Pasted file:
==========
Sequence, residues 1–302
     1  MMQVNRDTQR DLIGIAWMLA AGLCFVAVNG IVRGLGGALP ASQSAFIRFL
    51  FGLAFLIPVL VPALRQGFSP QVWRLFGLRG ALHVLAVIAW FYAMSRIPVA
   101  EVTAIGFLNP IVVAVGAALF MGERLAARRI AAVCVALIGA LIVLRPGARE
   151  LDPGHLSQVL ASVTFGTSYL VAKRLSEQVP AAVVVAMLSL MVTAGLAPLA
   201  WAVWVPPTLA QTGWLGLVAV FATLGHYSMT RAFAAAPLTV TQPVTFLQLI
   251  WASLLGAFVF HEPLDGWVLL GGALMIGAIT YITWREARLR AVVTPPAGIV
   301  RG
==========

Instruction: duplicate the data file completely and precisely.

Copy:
Sequence, residues 1–302
     1  MMQVNRDTQR DLIGIAWMLA AGLCFVAVNG IVRGLGGALP ASQSAFIRFL
    51  FGLAFLIPVL VPALRQGFSP QVWRLFGLRG ALHVLAVIAW FYAMSRIPVA
   101  EVTAIGFLNP IVVAVGAALF MGERLAARRI AAVCVALIGA LIVLRPGARE
   151  LDPGHLSQVL ASVTFGTSYL VAKRLSEQVP AAVVVAMLSL MVTAGLAPLA
   201  WAVWVPPTLA QTGWLGLVAV FATLGHYSMT RAFAAAPLTV TQPVTFLQLI
   251  WASLLGAFVF HEPLDGWVLL GGALMIGAIT YITWREARLR AVVTPPAGIV
   301  RG